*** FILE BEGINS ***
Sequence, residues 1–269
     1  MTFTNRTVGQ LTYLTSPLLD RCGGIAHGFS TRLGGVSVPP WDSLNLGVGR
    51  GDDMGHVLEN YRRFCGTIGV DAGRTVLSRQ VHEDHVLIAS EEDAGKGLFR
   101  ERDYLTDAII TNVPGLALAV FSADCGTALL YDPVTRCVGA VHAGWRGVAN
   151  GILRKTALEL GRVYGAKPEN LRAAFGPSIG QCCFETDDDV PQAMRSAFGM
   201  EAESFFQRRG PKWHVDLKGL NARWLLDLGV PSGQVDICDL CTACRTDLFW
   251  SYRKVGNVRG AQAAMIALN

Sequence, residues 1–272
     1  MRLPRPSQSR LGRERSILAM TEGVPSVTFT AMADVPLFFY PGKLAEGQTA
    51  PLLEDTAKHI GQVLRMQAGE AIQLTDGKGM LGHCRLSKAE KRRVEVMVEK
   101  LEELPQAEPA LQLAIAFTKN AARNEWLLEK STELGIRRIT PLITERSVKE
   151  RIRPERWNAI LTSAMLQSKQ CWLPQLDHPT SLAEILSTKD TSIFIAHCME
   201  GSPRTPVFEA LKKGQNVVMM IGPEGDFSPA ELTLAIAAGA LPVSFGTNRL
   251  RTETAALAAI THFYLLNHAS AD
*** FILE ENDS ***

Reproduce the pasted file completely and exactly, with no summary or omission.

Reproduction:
Sequence, residues 1–269
     1  MTFTNRTVGQ LTYLTSPLLD RCGGIAHGFS TRLGGVSVPP WDSLNLGVGR
    51  GDDMGHVLEN YRRFCGTIGV DAGRTVLSRQ VHEDHVLIAS EEDAGKGLFR
   101  ERDYLTDAII TNVPGLALAV FSADCGTALL YDPVTRCVGA VHAGWRGVAN
   151  GILRKTALEL GRVYGAKPEN LRAAFGPSIG QCCFETDDDV PQAMRSAFGM
   201  EAESFFQRRG PKWHVDLKGL NARWLLDLGV PSGQVDICDL CTACRTDLFW
   251  SYRKVGNVRG AQAAMIALN

Sequence, residues 1–272
     1  MRLPRPSQSR LGRERSILAM TEGVPSVTFT AMADVPLFFY PGKLAEGQTA
    51  PLLEDTAKHI GQVLRMQAGE AIQLTDGKGM LGHCRLSKAE KRRVEVMVEK
   101  LEELPQAEPA LQLAIAFTKN AARNEWLLEK STELGIRRIT PLITERSVKE
   151  RIRPERWNAI LTSAMLQSKQ CWLPQLDHPT SLAEILSTKD TSIFIAHCME
   201  GSPRTPVFEA LKKGQNVVMM IGPEGDFSPA ELTLAIAAGA LPVSFGTNRL
   251  RTETAALAAI THFYLLNHAS AD